“While working for LAHR, I’ve learned that nonprofit work is tied heavily to not only social change, but to government work,” she said. “From this, I’ve realized that my flexible major has more malleability in store for me than I once believed. What I liked most about being an intern for LAHR was the passionate work that went into helping education become the forefront of advocacy work.”
Alia Jones, senior Humanities-Prelaw major with a minor in African American and African Studies, interned remotely as a Peer Educator for New Student Orientation for MSU’s College of Arts & Letters. She was responsible for aiding in the enrollment of courses for first-year and transfer students and providing a student/peer perspective to the undergraduate experience.
“I really enjoyed engaging with students. Although virtual, I was able to truly connect with so many incoming students and learn more about their interests and experiences,” she said. “This internship truly enhanced my leadership, communication, and administrative skills. I feel entirely more knowledgeable on how to interact with students, present information, and make myself available as a resource overall.”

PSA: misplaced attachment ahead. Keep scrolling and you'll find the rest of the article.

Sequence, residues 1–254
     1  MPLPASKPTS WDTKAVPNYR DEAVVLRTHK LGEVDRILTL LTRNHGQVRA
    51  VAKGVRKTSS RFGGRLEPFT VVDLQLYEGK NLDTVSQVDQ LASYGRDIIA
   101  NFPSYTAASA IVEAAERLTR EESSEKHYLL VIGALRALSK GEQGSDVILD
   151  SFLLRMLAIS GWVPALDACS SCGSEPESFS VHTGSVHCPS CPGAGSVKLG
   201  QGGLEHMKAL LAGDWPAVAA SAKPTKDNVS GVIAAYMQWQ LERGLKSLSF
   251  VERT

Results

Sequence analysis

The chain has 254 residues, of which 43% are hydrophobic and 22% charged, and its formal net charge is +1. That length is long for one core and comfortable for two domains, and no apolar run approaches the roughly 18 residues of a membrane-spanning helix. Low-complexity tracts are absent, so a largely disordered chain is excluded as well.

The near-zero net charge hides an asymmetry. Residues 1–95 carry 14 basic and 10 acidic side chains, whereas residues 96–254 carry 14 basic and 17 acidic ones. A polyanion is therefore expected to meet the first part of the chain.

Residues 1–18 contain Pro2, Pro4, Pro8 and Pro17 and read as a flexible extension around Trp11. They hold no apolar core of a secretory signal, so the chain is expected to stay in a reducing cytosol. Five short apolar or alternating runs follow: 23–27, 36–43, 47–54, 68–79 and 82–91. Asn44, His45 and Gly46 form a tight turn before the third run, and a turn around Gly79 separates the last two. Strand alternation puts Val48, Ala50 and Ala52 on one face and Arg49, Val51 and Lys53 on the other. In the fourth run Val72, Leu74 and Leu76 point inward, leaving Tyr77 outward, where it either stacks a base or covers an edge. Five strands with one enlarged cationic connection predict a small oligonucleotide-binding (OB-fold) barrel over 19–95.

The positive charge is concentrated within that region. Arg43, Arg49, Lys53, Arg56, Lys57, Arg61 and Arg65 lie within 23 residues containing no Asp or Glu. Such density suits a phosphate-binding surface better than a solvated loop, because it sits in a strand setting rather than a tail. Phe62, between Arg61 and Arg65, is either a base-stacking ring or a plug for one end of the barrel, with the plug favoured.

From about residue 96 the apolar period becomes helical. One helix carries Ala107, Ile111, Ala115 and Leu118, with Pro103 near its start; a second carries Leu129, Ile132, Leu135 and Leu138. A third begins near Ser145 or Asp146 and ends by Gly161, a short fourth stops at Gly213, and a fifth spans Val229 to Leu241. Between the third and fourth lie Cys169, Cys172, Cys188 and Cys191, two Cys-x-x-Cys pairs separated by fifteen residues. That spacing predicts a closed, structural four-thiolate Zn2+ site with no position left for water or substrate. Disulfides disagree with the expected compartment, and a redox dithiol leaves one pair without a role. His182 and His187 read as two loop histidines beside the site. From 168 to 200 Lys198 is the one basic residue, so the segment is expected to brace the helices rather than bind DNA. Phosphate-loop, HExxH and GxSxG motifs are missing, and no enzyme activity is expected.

Dat Le, senior Linguistics major, interned remotely as a newsletter organizer with The Asian Pacific America Studies Program at Michigan State University. For this position, he gathered articles either written by himself or another collaborator to create a single newsletter. He also handled the program’s social media accounts.
“I learned a lot about Asian American identities from participating in this internship,” he said. “What I liked most about the internship was that I got to organize something that will be read by many in the Asian American community here on MSU campus.”
Jessica Snider, sophomore Interdisciplinary Humanities major, interned remotely with Cape Town Environmental Education Trust (CTEET), where she conducted research on e-learning programs and the best way learners in undeveloped communities in South Africa can use these resources.